The DNC could make this much easier. During the presidential election, the party’s website featured a simple polling place locator; visitors could type in their address and zip code and instantly receive information about where to vote. The DNC could build a similar function to connect Democrats to local committees.
The thousands of us around the country who are on the DNC’s mailing list continue to receive regular emails asking us to sign a petition or donate “just $1” to the Democrats. Imagine what might happen if those emails asked us to do something more meaningful – to join with other local Democrats in our communities – and gave us a simple way to locate them.
2. Help us get the word out about the work we are doing.
Our ward committee is lucky to have several members with technical expertise. Despite this advantage, however, we have struggled to get a web page and newsletter off the ground, and we still rely mostly on email to share meeting information.
Online platforms exist to help with these outreach efforts, but they may be too costly for smaller committees. The DNC should create tools and templates, like a simple online events calendar and newsletter, that less tech-savvy committees can use for free to get the word out about their activities.
3. Help us connect with other committees and races.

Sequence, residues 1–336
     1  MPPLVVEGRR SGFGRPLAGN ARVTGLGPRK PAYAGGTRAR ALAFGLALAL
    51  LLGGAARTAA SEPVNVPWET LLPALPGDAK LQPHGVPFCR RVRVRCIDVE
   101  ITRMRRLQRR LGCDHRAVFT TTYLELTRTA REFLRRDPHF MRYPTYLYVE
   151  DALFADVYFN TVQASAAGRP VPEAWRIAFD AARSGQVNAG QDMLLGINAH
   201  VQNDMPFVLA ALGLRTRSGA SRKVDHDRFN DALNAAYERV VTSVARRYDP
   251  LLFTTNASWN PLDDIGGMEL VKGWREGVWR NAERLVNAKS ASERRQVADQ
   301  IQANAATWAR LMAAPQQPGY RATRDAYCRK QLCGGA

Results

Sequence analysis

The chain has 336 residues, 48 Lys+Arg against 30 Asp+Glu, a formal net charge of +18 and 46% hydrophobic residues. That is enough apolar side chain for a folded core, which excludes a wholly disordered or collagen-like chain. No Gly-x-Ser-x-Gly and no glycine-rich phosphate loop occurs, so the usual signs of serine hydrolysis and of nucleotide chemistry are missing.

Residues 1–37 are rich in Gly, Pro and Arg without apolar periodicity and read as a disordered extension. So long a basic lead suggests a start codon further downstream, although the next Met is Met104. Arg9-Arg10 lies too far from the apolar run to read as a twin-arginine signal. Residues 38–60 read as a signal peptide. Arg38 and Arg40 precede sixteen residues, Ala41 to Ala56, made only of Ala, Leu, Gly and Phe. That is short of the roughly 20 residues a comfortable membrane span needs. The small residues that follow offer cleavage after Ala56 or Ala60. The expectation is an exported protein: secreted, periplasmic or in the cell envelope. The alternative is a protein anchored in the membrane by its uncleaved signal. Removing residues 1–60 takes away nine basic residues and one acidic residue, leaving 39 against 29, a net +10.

Somerville is a deep blue city, and the Democratic Party will thrive here with or without assistance from the national leadership. But in other areas of the country, long neglected by the party, would-be activist Democrats face greater challenges.
My fellow committee members and I know that effectively opposing the Trump Administration’s most objectionable policies – and ultimately winning back Congress and the White House – will require expansion out of our “blue bubble.” We are willing to meet this challenge. One fellow ward committee member even flew to New Orleans to volunteer for Foster Campbell’s ill-fated Senate runoff campaign last December.
The DNC should help facilitate connections like this between active local committees in blue states and campaigns and committees in swing districts. We can phone bank and fundraise remotely – the technology already exists and is in use. We can also share information, ideas, and encouragement. All the DNC needs to do is identify the races, make the introductions, and provide the tech.
The millions of dollars flowing into Jon Ossoff’s special election race in Georgia’s 6th Congressional District are proof that Democrats have the opportunity to make a splash in some surprising races in the next few years. The DNC could better support these races by supporting committees like mine.
From the Women’s March to the recent, raucous Republican town halls, a new wave of activism has arrived. This wave has brought forth resources that the DNC badly needs: human capital and enthusiasm. The DNC has important resources, too: things like data, technology, and expertise. If the Democratic Party manages to marry these forces together, it could become a more powerful force for 2018 and 2020. The place to make that connection happen is in ward, city, and town committees.
Jessica Schauer Lieberman is a MC/MPA student at HKS and a member of the Ward 6 Democratic Committee in Somerville, Massachusetts.
Photo Credit: Gage Skidmore, Flickr